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UK water firms propose significant bill increases amid infrastructure upgrades

  • UK water firms propose significant bill increases amid infrastructure upgrades

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Water companies in England and Wales are proposing significant increases in customer bills, ranging from 24% to 91% over the next five years, according to the Consumer Council for Water (CCW), informs the BBC.

The proposed increases are intended to fund investments worth £100 billion aimed at upgrading ageing infrastructure and reducing sewage discharges into the aquatic environment. The industry regulator, Ofwat, is set to decide on the allowable charges for the period from 2025 to 2030. Despite the companies' requests, fewer than one in six customers find the proposed bill hikes affordable, based on a survey mandated by Ofwat.

Water companies have faced criticism for widespread leaks and sewage discharges, which critics attribute to long-term under-investment. The proposed bill rises are intended to address these issues, but the scale of the increases has raised concerns. Mike Keil, chief executive of the CCW, acknowledged that the proposed hikes would be a "massive surprise" to many people, emphasizing the need for companies to clearly communicate the benefits of the investments.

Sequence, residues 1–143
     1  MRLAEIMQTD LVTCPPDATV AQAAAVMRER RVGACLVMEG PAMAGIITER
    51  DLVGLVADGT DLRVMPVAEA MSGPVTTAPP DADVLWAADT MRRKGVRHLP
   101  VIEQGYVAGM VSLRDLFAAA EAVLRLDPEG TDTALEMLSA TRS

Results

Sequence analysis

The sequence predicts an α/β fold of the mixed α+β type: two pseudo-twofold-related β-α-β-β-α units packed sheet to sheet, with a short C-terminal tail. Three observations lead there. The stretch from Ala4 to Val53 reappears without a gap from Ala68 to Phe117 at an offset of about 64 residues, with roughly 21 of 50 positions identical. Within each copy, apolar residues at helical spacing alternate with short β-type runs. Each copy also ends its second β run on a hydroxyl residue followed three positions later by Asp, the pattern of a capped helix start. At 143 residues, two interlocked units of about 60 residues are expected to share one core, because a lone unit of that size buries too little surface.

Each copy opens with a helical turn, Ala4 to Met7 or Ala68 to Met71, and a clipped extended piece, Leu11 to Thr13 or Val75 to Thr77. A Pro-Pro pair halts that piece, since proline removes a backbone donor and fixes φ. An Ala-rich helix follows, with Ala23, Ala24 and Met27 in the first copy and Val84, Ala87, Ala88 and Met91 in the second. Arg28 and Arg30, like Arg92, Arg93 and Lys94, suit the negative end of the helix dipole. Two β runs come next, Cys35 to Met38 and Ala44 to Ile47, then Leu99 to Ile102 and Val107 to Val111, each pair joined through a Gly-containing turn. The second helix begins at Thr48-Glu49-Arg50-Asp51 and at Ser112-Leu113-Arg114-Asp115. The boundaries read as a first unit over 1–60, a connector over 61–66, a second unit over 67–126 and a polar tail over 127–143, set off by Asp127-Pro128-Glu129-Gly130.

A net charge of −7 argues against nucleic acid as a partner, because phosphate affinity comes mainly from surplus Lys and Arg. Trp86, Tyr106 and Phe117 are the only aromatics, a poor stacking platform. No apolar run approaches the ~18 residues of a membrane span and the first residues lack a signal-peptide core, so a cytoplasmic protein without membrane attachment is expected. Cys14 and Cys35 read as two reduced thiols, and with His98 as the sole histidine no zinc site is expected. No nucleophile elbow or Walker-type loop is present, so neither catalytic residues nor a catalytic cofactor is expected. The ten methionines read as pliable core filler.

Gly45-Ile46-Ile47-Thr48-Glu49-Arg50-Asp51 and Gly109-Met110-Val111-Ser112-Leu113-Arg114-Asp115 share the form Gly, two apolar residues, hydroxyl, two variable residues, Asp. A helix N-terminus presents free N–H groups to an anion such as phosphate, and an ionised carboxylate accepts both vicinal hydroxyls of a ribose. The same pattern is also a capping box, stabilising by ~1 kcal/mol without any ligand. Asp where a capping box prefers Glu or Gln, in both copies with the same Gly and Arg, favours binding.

The specific increases vary widely among companies. Southern Water is requesting the highest hike at 91%, with bills that could rise to £915 annually by 2030, while Thames Water is requesting a 59% increase to £749. Other companies are proposing more modest increases, while South Staffordshire and Cambridge Water asking for the lowest rise of 24%.

Southern Water’s proposed increase reflects significant planned upgrades to address serious infrastructure problems. The company’s chief customer officer, Katy Taylor, cited the unique challenges of their water-stressed region and the need to safeguard supplies and protect the environment.

Water industry body Water UK said companies were "massively increasing the level of financial support they offer to customers who struggle to pay their bills", adding that Ofwat will scrutinize the plans and is expected to approve only necessary and cost-effective investments. Ofwat’s preliminary report on the proposed bill rises will be published on June 12, with final figures to be confirmed in December.

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